Campaign to find, mentor and publish new authors from communities under-represented on bookshelves comes to Manchester and the West Midlands

 

#WriteNowLive

write-now.live

A nationwide campaign to find, mentor and publish new writers from communities under-represented on the UK’s bookshelves is being launched in Birmingham and Manchester by Penguin Random House, the UK’s biggest book publisher.

WriteNow is offering 150 marginalised writers one-to-one time with editors and access to literary agents, booksellers and published authors at regional events in Birmingham, Manchester and London, including Birmingham’s Kit de Waal, Jonathan Coe, and Lynsey Hanley, Manchester’s Nii Parkes and Oscar de Muriel, and John O’Farrell, Abir Mukherjee, Bernardine Evaristo and Sathnam Sanghera. Ten exceptional writers will go on to benefit from a year of mentoring with Penguin Random House, with the goal of having their book published.

WriteNow aims to find unpublished writers that are under-represented in books and publishing. This includes writers from a socio-economically marginalised background, LGBTQ (Lesbian, Gay, Bisexual, Trans, Queer) and BAME (Black, Asian, Minority Ethnic) writers, and writers with a disability.

Penguin Random House has joined forces with writer development charities Writing West Midlands in Birmingham, Commonword in Manchester and Spread the Word in London to launch WriteNow.

Kit de Waal, author of the debut novel My Name Is Leon, said: “If you’re from a marginalised community, whatever you’re writing about, your writing will be informed by your experiences. Those experiences need to be out there. They need to be on the shelves so other people can read them. So other people can say: ‘Publishing is about my life. Publishing represents me. I have stake in this. And I have something to say’. That’s why I’m delighted to be involved with WriteNow.”

Tom Weldon, CEO, Penguin Random House UK, said: “Books and publishing simply do not reflect the society we live in. Not only is that bad for the future of books, reading and culture, but it’s also a commercial imperative for us to change. If we don’t, we will become increasingly irrelevant.

“One of the many joys of reading is being able to make a personal connection with an author’s distinctive voice, but we know some voices aren’t yet being heard. Our job at Penguin Random House is to connect the world with the stories, ideas and writing that matter. So if you are sitting on a fantastic manuscript, we want to hear from you.”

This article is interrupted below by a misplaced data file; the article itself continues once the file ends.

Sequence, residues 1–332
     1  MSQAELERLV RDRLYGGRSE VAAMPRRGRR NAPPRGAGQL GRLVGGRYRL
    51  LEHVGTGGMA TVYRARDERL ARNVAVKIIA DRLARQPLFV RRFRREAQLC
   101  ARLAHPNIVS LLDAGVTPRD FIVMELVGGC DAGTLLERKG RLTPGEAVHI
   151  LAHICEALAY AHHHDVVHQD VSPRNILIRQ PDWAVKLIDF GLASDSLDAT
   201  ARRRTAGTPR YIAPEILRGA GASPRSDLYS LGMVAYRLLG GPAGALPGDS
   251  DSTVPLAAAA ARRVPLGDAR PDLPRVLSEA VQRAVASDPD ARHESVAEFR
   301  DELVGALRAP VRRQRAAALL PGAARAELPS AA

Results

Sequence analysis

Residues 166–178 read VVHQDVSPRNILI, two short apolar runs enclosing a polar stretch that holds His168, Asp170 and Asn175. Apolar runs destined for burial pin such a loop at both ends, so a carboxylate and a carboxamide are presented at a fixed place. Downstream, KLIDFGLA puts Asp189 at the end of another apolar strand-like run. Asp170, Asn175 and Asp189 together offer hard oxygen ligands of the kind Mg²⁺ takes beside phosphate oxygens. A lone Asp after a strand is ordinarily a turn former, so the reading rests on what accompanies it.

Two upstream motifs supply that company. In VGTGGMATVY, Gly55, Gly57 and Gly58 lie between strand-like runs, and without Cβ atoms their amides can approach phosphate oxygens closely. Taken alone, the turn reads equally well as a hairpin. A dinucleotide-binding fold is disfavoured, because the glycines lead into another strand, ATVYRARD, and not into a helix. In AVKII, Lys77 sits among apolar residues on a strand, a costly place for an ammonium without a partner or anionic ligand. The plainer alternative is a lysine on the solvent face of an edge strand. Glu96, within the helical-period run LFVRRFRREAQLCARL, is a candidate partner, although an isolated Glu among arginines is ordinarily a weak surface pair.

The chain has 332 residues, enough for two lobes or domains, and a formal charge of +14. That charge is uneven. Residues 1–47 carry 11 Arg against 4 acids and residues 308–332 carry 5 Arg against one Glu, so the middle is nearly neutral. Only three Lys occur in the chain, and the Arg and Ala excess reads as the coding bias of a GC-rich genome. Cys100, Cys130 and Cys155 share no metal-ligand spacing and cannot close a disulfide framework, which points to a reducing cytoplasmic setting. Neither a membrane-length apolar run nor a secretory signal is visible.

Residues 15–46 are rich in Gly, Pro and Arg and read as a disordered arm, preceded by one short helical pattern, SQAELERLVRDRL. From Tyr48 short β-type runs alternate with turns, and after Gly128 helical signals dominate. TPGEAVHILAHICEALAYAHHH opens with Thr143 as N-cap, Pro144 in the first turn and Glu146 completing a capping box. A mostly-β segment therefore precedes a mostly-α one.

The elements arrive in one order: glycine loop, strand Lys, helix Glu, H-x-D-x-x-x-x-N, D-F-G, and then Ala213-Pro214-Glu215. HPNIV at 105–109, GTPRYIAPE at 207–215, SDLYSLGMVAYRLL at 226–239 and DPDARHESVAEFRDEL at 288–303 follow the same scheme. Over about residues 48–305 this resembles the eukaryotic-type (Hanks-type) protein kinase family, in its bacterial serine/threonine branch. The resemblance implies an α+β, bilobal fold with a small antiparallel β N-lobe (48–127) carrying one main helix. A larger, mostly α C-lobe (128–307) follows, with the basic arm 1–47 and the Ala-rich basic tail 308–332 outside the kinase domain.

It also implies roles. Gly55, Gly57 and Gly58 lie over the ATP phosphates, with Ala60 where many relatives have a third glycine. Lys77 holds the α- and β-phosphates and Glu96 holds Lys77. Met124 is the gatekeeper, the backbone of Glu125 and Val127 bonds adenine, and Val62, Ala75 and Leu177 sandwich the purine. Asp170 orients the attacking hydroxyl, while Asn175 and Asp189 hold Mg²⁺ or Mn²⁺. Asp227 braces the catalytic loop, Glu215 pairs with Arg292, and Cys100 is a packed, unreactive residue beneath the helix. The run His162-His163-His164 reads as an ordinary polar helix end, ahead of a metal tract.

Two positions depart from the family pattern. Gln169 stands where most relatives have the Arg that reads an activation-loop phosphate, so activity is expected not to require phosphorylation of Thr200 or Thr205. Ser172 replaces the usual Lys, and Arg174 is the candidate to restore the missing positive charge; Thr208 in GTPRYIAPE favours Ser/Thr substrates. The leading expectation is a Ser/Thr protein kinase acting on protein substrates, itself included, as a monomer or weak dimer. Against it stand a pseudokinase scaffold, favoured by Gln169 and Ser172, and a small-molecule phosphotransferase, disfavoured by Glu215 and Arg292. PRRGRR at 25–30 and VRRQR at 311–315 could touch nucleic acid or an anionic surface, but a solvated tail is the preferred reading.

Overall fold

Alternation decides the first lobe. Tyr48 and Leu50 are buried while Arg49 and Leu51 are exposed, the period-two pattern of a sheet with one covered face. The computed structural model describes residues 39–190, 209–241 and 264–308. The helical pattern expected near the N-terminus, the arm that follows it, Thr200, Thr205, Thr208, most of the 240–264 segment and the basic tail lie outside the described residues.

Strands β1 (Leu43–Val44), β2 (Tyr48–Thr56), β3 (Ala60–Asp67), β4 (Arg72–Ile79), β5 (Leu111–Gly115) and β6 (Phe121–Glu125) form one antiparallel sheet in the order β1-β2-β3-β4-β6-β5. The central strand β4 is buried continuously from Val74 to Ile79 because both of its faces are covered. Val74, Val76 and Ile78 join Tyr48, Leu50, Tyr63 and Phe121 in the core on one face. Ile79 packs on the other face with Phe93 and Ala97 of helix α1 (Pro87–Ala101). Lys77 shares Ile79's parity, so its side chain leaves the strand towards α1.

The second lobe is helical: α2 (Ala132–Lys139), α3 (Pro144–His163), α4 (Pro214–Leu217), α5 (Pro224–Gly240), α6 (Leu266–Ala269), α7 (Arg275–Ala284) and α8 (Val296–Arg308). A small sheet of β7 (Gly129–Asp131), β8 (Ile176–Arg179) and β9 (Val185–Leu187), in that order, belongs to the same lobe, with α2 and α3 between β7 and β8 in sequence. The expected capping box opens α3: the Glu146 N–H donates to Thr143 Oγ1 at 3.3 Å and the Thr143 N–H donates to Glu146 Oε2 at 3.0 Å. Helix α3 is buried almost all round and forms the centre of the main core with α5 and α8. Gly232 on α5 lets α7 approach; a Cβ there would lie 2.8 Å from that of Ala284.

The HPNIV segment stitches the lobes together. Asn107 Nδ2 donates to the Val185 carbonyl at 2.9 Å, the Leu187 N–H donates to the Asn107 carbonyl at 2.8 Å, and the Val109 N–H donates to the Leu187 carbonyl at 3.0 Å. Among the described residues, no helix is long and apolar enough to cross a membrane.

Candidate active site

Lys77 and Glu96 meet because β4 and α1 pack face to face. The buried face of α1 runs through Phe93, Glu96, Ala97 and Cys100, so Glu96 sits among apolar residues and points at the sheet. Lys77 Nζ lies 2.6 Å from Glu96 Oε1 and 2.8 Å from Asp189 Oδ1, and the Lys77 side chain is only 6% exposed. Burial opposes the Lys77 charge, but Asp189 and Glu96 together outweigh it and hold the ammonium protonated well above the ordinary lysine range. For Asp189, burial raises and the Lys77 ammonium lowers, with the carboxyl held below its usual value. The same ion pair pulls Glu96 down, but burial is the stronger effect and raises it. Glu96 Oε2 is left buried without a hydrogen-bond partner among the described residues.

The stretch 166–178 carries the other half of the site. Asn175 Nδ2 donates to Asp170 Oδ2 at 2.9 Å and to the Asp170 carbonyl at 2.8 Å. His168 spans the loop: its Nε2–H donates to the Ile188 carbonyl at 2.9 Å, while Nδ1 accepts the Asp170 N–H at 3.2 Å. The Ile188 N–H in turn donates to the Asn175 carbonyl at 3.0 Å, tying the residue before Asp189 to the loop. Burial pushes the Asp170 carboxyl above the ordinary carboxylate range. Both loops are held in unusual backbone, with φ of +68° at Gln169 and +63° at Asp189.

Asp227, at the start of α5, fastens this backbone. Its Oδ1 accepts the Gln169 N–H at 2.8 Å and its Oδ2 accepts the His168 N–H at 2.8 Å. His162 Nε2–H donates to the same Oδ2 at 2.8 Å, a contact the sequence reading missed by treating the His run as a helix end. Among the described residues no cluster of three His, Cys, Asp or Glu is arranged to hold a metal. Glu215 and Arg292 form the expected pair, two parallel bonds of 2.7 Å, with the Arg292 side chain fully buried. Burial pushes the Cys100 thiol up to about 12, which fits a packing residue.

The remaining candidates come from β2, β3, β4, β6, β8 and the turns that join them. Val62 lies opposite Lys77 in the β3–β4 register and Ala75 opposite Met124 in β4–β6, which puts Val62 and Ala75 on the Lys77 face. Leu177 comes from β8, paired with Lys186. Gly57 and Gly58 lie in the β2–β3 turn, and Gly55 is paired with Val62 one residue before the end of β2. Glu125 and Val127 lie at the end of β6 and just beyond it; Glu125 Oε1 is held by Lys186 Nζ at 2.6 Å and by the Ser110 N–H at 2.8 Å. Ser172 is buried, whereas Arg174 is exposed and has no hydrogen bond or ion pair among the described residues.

Unpublished, marginalised writers in and around Manchester and the West Midlands can apply to attend WriteNow events by visiting www.write-now.live and submitting a sample of their work by midnight on 28th October.

Jonathan Davidson, CEO, Writing West Midlands said: “This opportunity for marginalised writers in the West Midlands is of enormous importance. We have some wonderful local writers and the challenge has always been to give them the skills and confidence to present themselves to a largely London-based publishing industry. WriteNow effectively brings that industry to Birmingham and the West Midlands. The long-term benefits will be very significant.”

Pete Kalu, Artistic Director, Commonword in Manchester; Convenor, UK National Black Writers Conference, added: “The excitement of this initiative is that we’re hearing from the very top of the publishing world an acknowledgement that some radical reimagining work needs doing by publishers, and that an intrinsic part of that is reaching out to previously excluded writers.  The new thinking and creativity this may draw forth – from publishers, agents, writers and readers – has the potential to bring into being some wonderful new works."

A first WriteNow event took place on 1 October in London attracting more than 1,000 applications.

 

For more information:

www.write-now.live

For press enquiries:

Hannah Glenny, Senior Communications Manager, Penguin Random House UK
T: +44 (0)207 840 8827 M: +44 (0)7769 617 881 E: hglenny@penguinrandomhouse.co.uk

Notes to Editors

  • WriteNow Birmingham is taking place on Saturday 26 November, 12.30-17.30 at The Insight Hub, Walker Building, 58 Oxford Street, Digbeth, Birmingham B5 5NR

  • Authors taking part in the Birmingham Insight Day are Kit de Waal, Jonathan Coe, Oscar De Muriel, Bernardine Evaristo, Bali Rai and Nii Parkes; Waterstones Birmingham Regional Manager Stuart Bartholomew, and Leila Rasheed who runs Megaphone, a development scheme for BAME children’s authors.

  • WriteNow Manchester will take place on Saturday 4 February 2017, 12.30-17.30 at Friends Meeting House, 6 Mount Street, Manchester M2 5N http://www.write-now.live/manchester-1/

  • Authors taking part in the Manchester Insight Day are: Amit Dhand, Bali Rai, Nikesh Shukla, Polly Ho-Yen, Lynsey Hanley, Imran Mahmood and John O’Farrell.

  • Sessions at both will include ‘Publishing, de-mystified’, ‘Writing fiction and non-fiction for adults’, and ‘Writing for children and young adults’ as well as one-to-ones with editors. 

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